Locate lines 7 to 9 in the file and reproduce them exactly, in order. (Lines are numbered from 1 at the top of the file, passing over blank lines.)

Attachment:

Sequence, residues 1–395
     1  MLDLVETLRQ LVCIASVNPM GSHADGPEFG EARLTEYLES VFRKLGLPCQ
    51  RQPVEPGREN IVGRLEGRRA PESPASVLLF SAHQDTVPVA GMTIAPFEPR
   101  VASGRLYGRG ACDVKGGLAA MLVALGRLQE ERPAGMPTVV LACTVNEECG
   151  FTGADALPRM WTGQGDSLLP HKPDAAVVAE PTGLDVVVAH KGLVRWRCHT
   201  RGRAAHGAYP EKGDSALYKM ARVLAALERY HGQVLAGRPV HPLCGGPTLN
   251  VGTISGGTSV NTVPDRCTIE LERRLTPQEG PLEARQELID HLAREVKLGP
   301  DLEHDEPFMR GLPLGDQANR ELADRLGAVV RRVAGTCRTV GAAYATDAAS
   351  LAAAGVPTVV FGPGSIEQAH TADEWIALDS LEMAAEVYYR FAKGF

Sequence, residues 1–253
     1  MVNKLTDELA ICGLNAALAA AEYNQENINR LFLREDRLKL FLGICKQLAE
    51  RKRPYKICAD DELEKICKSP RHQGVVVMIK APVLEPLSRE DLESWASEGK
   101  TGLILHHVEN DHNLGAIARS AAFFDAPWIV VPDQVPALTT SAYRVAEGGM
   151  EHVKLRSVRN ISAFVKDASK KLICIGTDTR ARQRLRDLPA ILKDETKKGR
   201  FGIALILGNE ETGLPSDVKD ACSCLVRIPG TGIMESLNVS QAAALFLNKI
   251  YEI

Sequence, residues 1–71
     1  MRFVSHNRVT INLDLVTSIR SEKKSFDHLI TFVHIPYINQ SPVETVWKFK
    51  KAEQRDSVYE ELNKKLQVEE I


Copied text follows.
   251  VGTISGGTSV NTVPDRCTIE LERRLTPQEG PLEARQELID HLAREVKLGP
   301  DLEHDEPFMR GLPLGDQANR ELADRLGAVV RRVAGTCRTV GAAYATDAAS
   351  LAAAGVPTVV FGPGSIEQAH TADEWIALDS LEMAAEVYYR FAKGF